Evolution of 19th Century Baseball Rules


erhaps no other American sport has had the extensive number of rule changes that have occurred during the evolution of base ball. Rarely has one aspect of the game under gone only one change. These changes were due to the following factors. The players and managers learned how to circumvent the rules almost yearly, the players became better athletes which required the game to be constantly balanced between offense and defense and the owners wanted an appealing game to their paying patrons. What follows is a synopsis of rule changes that have occurred from 1845–1900. Click here for The Rules of the Game: A Compilation of the Rules of Baseball 1845–1900.


The first important set of written rules was scribed by Alexander Cartwright, of the Knickerbocker Base Ball Club, and published on September 20, 1845. These 20 rules became known as the "Knickerbocker Rules." The "original 20 rules of baseball" were not very specific and only 14 actually were rules pertaining to the field and the play. One significant rule, Rule 13, stated that a player could not be put out by being hit by a thrown ball.


Prior to the famous Base Ball Convention in 1857 was a meeting that occurred between three New York teams on April 1, 1854, in New York City. The teams in attendance were Knickerbocker, Gotham and the Eagle clubs and they revised the "original 20 Rules." One important addition was rule 13 which stated that the first "striker" or batter of the following inning would be the batter who proceeds the player who made the third "hand," or out.


The Base Ball Convention of 1857 held in New York on January 22, by former Knickerbocker President Daniel "Doc" Adams, was the first convention of its kind. Over a dozen clubs sent delegates to the meetings. During this convention Adams was elected President of the Convention and headed the Committee on Rules and Regulations.

Adams changed the length of the game to nine equal innings, instead of declaring the first team to score 21 "aces" or runs, the winner. Adams also declared that five innings must be played to be declared a game.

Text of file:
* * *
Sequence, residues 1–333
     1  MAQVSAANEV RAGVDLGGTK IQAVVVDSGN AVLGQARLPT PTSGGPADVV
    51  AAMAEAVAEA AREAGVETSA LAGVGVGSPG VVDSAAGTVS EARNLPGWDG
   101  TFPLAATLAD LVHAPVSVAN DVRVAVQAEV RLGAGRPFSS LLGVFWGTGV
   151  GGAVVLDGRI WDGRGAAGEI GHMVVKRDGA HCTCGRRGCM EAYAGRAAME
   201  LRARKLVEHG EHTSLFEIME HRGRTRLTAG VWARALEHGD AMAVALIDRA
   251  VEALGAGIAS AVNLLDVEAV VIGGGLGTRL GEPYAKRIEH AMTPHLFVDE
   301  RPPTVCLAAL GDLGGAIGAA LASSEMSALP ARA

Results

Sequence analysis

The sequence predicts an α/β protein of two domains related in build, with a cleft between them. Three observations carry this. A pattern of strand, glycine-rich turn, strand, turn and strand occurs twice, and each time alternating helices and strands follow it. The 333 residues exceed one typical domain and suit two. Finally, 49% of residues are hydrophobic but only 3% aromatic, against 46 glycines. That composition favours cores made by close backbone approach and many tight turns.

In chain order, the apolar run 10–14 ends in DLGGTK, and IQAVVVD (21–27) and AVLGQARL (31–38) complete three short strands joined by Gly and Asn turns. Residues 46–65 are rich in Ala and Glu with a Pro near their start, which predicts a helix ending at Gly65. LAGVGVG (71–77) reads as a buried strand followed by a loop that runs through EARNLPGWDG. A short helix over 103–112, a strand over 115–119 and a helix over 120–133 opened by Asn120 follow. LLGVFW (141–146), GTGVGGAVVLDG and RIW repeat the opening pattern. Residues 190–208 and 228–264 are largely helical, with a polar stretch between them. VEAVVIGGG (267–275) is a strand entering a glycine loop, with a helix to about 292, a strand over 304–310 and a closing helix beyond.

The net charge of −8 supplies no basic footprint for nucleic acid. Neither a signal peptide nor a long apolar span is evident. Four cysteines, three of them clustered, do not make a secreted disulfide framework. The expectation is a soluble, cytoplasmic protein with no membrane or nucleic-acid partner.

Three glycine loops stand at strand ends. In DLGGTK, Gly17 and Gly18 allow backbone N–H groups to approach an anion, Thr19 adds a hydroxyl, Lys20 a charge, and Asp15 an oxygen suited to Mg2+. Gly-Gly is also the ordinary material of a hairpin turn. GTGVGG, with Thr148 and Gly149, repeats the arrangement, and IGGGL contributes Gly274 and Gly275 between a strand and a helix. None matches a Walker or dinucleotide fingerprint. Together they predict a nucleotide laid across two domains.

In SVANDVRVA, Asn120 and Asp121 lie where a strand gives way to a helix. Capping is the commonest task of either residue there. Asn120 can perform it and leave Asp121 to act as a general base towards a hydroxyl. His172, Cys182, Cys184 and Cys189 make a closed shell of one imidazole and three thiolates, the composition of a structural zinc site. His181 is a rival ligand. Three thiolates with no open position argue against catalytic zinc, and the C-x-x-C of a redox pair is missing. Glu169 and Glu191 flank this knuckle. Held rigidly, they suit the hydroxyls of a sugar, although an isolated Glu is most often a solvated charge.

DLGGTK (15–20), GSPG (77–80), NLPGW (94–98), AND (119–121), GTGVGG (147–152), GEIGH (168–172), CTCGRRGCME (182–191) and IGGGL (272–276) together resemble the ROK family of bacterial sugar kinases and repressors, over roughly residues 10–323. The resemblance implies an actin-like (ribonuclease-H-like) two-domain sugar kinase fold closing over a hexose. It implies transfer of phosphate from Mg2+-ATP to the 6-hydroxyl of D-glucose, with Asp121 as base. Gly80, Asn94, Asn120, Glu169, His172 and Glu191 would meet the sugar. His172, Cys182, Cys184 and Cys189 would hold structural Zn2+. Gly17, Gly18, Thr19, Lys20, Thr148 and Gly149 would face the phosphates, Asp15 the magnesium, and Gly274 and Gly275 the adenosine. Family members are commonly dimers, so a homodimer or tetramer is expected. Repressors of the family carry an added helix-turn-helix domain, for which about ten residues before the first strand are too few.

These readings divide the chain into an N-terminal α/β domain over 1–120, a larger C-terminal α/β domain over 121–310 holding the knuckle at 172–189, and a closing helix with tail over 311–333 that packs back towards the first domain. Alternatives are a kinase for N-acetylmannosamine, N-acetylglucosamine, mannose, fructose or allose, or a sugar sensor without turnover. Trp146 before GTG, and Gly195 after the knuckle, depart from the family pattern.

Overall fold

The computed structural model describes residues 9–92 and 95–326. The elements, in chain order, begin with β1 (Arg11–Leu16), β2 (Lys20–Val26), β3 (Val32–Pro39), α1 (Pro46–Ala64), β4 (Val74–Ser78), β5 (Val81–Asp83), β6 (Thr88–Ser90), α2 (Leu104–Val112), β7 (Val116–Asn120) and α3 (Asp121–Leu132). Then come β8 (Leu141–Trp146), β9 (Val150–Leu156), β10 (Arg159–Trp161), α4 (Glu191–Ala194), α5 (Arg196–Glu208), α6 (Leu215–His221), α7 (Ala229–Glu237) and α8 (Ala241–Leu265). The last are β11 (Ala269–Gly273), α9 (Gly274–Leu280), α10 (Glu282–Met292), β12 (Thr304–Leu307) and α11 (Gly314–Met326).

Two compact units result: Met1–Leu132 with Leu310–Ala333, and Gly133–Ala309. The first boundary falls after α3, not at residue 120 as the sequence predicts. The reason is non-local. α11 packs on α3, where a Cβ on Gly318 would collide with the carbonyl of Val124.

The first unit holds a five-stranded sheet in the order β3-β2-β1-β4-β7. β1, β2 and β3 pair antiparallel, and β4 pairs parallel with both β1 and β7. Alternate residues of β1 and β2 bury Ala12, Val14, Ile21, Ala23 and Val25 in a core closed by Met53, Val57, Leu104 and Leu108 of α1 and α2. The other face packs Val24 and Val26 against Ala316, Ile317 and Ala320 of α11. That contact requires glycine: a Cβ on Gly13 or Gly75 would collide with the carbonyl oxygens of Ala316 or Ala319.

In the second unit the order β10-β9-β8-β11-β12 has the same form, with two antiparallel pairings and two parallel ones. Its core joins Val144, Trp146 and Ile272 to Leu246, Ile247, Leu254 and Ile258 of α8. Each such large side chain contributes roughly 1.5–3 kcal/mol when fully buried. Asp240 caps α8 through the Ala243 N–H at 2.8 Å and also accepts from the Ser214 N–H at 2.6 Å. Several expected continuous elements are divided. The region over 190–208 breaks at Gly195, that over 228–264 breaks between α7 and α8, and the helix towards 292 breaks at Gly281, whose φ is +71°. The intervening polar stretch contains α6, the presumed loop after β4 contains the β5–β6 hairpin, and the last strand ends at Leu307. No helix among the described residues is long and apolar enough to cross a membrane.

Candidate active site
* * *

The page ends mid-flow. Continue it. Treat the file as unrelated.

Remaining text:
He set the distance between bases at 30 yards. It has been assumed that the distance was 30 paces between all bases although this distance was never specified in the original Knickerbocker Rules. The only mention of distance is listed in Rule 4 and states; "The bases shall be from "home" to second base, 42 paces; from first to third base, 42 paces, equidistant."

The definition of a pace from An American Dictionary of the English Language, by Noah Webster, 1828: Pace: "1. A step. 2. The space between the two feet in walking, estimated at two feet and a half. But the geometrical pace is five feet, or the whole space passed over by the same foot from one step to another." The definition was not changed for Webster's 1853-revised edition) This means that the distance from home to second would have been 105 feet and the Cartwright base paths would have been 74.25 feet.

The pitching distance was also not described in the Knickerbocker Rules. Adams set the distance from the 12' pitcher's line (which is centered to an imaginary line that is between home base and second base and extends from third to first) to home base at 45 feet.

It was agreed upon that if the striker swung and missed at three pitched balls and the third pitched ball was caught on the first bound or on the fly, the batter was out. If it was not caught on the first bound or the fly the batter must attempt to "make his first," or run to first.

No ace or base could be made upon a foul ball, or when a fair ball has been caught without having touched the ground; and the ball shall, in both instances, be considered dead and not in play, until it shall first have been settled in the hands of the pitcher. When a fair ball has been caught without having touched the ground, the players running the bases shall have the privilege of returning to them.

Adams also advocated the catching a ball on the fly to put a batter out, but was rejected.


For the first time the umpire is allowed to call strikes on a batter that repeatedly refuses not swing at good balls. The umpire was required to warn the striker before calling a strike. After three strikes were called, the batter was bound to "make his run" to first base if the last called strike was not caught by the catcher on the fly or first bound.


The striker is required to stand on a line that extends three feet on either side of home base and is parallel to the pitcher's line.

The umpire was instructed to warn a batter, before calling strikes, if he repeatedly did not strike at fair pitched balls. After three called strikes and the last strike caught on the first bound or the fly the batter was out. If the ball was not caught on the first bound or the fly the batter had to make his first.

The Rules Continued Continued.

The Rules of the Game: A Compilation of the Rules of Baseball 1845–1900 Continued.